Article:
Toddlers aren’t necessarily known for their discerning palate. But it’s still a large task to serve 80 of them a day.
So when the regular cook at the Highland Park Community Nursery School and Day Care Center fell and broke her wrist a week ago, Executive Director Pam Carlson knew she needed some temporary help in the kitchen.
She sent out word through the center’s families, which reached Nabor Vasquez, executive chef at the upscale Nieto’s in Highland Park. Vasquez knows Community well. His son, who is now in high school, went there and loved it.
Vasquez offered to fill in for two weeks, serving pasta and sliced fruit by day and braised shortribs and grilled salmon at night.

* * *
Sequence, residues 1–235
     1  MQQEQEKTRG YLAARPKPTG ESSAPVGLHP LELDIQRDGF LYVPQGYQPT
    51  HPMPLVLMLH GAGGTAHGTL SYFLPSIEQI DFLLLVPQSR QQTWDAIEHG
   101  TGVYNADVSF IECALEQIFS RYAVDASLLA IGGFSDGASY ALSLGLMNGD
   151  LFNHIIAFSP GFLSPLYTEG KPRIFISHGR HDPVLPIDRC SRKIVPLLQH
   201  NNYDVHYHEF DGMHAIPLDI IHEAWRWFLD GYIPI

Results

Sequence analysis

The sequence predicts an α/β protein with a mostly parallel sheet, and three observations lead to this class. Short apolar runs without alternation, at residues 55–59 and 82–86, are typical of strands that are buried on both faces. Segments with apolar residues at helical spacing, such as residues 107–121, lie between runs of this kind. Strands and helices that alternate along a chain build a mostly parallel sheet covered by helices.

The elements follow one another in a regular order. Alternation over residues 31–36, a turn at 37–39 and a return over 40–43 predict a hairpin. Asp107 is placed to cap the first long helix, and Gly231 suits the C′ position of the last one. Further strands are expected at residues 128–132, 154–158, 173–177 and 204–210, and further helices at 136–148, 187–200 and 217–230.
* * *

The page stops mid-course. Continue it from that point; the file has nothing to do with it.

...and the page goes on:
“I love it,” he said, on day four of his new volunteer job.
He’s serving breakfast, lunch and two snacks to 60-80 kids a day, without the regular restaurant trappings of a dishwasher and sous chef.
“Nabor has been telling me that he’s used to making plates one at a time that are small and beautiful,” Carlson said. “Here we make lots of food and have to serve it all at once.”
But he’s bringing his upscale dining touch to the tots. Carlson says the regular pasta and meat sauce tastes just a bit different. And their orange slices, which are normally served from a bowl, were arranged beautifully on a plate.
Next week, Vasquez, who has worked for Carlos and Debbie Nieto for 18 years, will take a turn in the classroom as well. The 4-year-old classroom has been doing a unit on restaurants and sent him a letter, requesting that he come visit and give them a lesson on how to be a chef. One of the specific demonstrations asked for: how to cut a cucumber.